Quocirca's Straight Talking: Does DRM make sense for business?

It could alleviate compliance headaches...

It could alleviate compliance headaches...

While digital rights management has sparked plenty of controversy in the consumer realm, Quocirca's Jon Collins sees how the technology could be practical for enterprises looking to enforce their data policies.

The interest in digital rights management (DRM) technology in the workplace seems to be mounting, with products from companies such as Adobe and Microsoft putting their marketing muscle behind the technology.

Is there really anything to this or is it just a way of extending already-bloated tools to add some justification to the idea of an upgrade?

First it's worth distinguishing corporate DRM from consumer DRM, which sets controls on how music, video and games can be accessed and distributed. While the underlying technologies (encryption, identity management and so on) may be shared, corporate DRM differs in that it is more about setting controls on documents and other files to ensure they are read, stored, printed, forwarded and otherwise used in an agreed manner. For example, with corporate DRM, if a corporate standards document was flagged as 'company internal only', an email tool would reject attempts to send it outside the company, inadvertently or otherwise. It is this corporate flavour I'm talking about.

At first glance DRM does look opportunistic, in that there is little left for purveyors of unstructured information (or documents, as you and I call them) to add to their tools. Platforms such as Microsoft Exchange and Lotus Notes already have capabilities beyond the ken of most companies to exploit them. Simple features such as shared folders as well as more advanced workflow capabilities lie largely idle as most people use only a small subset of such capabilities.

In the shape of encryption, basic rights protection has been around for years. Most email clients offer the possibility of encrypting or digitally signing an email but it is a rare message indeed that features such marks. There are a number of reasons why not, not least that individuals don't even know the features are there. Once they do, they have to have sufficient reason to use them, as well as the knowledge that the person at the other end will know what to do with the result.

A similar criticism could be levelled at DRM were it considered only as a tool for individuals. As a corporate tool to be used across a standardised infrastructure, however, we have a different picture.

Companies are looking at DRM as an enforcement mechanism for corporate standards, not just for their own sake but in order to demonstrate compliance with external regulations. Within the corporate environment, DRM becomes an enabler of new mechanisms. It enables traceability - knowing who has seen what - and therefore affords better control over the document production process. It offers facilities such as time limits on documents, ensuring the expiry of guidelines or allowing a certain number of accesses, entering into the realms of more consumer-oriented DRM.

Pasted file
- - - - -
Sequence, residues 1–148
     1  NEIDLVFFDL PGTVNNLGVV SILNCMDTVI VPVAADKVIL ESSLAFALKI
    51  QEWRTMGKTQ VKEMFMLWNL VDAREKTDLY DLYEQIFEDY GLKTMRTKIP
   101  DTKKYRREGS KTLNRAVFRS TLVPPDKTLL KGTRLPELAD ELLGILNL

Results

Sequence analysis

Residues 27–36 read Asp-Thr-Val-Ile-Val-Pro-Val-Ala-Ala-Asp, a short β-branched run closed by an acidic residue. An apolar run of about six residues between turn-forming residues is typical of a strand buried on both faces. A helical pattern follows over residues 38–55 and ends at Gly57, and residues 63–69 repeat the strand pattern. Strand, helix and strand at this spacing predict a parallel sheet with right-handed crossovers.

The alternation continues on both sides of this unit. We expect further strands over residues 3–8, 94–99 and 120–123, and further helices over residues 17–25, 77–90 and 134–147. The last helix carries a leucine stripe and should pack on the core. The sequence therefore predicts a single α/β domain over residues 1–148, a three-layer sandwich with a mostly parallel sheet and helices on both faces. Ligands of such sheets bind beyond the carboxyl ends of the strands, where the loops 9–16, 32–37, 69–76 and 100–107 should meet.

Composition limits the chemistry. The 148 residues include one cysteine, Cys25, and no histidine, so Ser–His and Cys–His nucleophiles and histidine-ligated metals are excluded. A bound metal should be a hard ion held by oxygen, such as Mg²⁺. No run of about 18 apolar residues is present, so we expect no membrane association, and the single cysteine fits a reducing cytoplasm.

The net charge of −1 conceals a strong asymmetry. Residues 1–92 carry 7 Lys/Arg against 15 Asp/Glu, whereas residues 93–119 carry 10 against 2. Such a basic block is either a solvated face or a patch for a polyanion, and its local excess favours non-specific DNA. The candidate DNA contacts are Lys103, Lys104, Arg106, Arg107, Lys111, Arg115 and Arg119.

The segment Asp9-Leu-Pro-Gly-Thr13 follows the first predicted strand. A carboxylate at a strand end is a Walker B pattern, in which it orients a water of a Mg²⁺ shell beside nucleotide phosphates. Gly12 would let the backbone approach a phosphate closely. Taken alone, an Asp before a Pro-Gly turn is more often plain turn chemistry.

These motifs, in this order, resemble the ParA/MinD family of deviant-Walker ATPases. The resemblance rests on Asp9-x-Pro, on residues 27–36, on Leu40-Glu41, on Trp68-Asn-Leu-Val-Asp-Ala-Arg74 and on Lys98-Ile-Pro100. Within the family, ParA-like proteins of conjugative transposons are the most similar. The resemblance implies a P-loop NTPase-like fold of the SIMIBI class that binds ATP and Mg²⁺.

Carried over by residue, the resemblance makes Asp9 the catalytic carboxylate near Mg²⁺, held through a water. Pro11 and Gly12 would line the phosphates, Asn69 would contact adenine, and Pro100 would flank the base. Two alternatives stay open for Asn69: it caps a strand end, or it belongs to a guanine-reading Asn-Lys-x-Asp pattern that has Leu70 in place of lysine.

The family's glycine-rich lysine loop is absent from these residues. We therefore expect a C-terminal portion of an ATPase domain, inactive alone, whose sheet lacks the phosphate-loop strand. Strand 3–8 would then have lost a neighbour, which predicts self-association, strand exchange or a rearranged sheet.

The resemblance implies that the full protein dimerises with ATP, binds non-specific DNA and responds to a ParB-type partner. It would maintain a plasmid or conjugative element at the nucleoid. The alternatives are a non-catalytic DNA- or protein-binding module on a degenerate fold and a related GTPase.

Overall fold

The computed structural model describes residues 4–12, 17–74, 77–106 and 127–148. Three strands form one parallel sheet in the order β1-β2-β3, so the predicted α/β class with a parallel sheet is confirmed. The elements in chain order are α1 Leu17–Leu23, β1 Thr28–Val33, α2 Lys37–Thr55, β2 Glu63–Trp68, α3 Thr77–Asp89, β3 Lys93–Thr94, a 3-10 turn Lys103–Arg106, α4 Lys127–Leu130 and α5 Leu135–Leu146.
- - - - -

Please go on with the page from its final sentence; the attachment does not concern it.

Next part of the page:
There are several processes that have been considered outside the remit of corporate IT - for example, the electronic distribution of payslips or other personal information. Mechanisms such as these enable a fairly high level of trust to be built into the system and therefore give it wider scope inside the boundaries of the corporation. In future there may be a wider scope for DRM, including managing supplier and customer information, purchasing orders, preparing invoices and the like. But for now dealing with internal needs is enough. Indeed, if we can't get this bit right, there is little chance of achieving it with those outside the periphery.

A company wanting to implement DRM needs to take certain prerequisites into account. First, while there are DRM software companies such as SealedMedia and Authentica whose products can deal with a variety of document formats, it is preferable to have a standardised software environment in place to minimise the operational overhead. Second, you will need to understand what the current policy drivers are for documents within the company. For example, organisations with an up-to-date quality plan may already have defined several categories of documents and a policy for which employees can access them. DRM is about process as much as it is about technology, so it is important to ensure the correct mechanisms and policies are in place to support the DRM applications.

With these criteria in mind, the Adobe and Microsoft solutions each have their strengths and weaknesses. Microsoft's offering has the 'seamless integration' advantage - perhaps the phrase should be taken with a pinch of salt but from a usability standpoint it is no doubt beneficial to have the DRM facilities available from within the Office toolset.

Adobe's path starts where Office leaves off, acting as an electronic version of a printer that can transport formatted copy as needed - even onto mobile devices. Adobe has the advantage for certain purposes in that the PDF format is recognised as a legal document, a point which Microsoft is no doubt keen to address.

In helping to reduce risks, DRM can be seen as a component of a company's security environment. It should only ever be seen as a partial security mechanism, however. It can enforce policy such that an individual is aware when he is doing something he shouldn't but it cannot prevent absolutely documents from being copied.

There is a definite need for corporate DRM, and it is good to see the major software vendors stepping up to the plate. Just don't expect it all to happen automatically.